Historical evaluation is needed to counteract sexist interpretations and to understand general trends surrounding the issue of hierarchical vs. egalitarian roles. Three views on the role of women in the ministry of the local church, act as general philosophical camps.
The egalitarian view points to three primary texts supporting the right for women to hold ecclesiastical office: Romans 16:1, 7 and 1 Timothy 3:11. At the same time, the egalitarians must answer the hierarchal traditional interpretation of 1 Timothy 2:11,12. The question of women holding ecclesiastical offices of authority has been the primary test case for egalitarianism. Traditionally, the evangelical church has denied women the office of apostle, pastor, elder and deacon. Cultural feminism, since The Feminist Mystique, (publication of Betty Friedan's, work became the rally point of the feminist movement.) has launched a passionate crusade to place women into leadership positions within all social structures. And the evangelical church, generally the bastion of the hierarchal tradition, has felt the special onslaught of this feminist campaign.
The non-evangelical egalitarian view generally holds that the Bible is sexist and rooted in patriarchal culture. Within the non-evangelical egalitarian view, some hold to a complete rejection of the Bible in constructing a contemporary philosophy of the role of women in ministry, and see contemporary feminism as the hermeneutical grid, instead of holding the Bible as the final authority for contemporary practice. Others endorse the seeds of cultural liberty within Christianity as evolving into a progressive liberation of women from early cultural patriarchal domination. It challenges the historical hierarchical tradition of interpretation. Therefore, a concrete understanding of it becomes paradoxical in nature.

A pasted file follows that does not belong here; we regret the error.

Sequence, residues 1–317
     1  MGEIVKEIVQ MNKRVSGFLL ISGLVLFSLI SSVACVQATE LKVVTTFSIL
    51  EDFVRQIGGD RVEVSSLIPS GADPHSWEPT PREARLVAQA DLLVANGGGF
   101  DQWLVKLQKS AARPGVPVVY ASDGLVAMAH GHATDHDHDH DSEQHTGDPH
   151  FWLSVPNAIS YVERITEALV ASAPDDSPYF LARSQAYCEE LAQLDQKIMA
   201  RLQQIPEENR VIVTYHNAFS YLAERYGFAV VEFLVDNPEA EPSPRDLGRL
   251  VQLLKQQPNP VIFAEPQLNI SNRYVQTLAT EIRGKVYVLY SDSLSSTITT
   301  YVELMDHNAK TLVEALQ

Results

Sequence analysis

The evangelical egalitarian view, also known as the Biblical equalitarian position, holds to an authoritative Bible but challenges the historical hierarchal tradition of interpretation. This view sees the Bible as teaching complete equality between male and female, with an emphasis on mutual submission. This view basically gives strong emphasis to a cultural hermeneutic, to eliminate the hierarchal tone of the New Testament passages of role difference. Through exemplification it can be better discerned. Romans 16:1- reads, "I commend unto you Phoebe, our sister, who is a servant of the church which is at Cenchreae." (KJV) Egalitarians generally hold that "servant" should be translated "deaconess." This could suggest an office of authority, reflecting gender equality in role responsibilities. The Greek interpret Phoebe as a leader, elder or deacon in her church. Romans 16:7 reads, "Greet Andronicus and Junias, my kinsmen and my fellow-prisoners, who are of note among the apostles, who were in Christ before me." According to the egalitarian position, the feminine proper name Junia is designated an apostle. Hence, a woman apostle is mentioned in the New Testament, at least in the general sense. And even in the general sense, there is still an element of definite authority implicit in the title. Timothy 3:11 reads, "Even so must their wives be grave, not slanderers, sober, faithful in all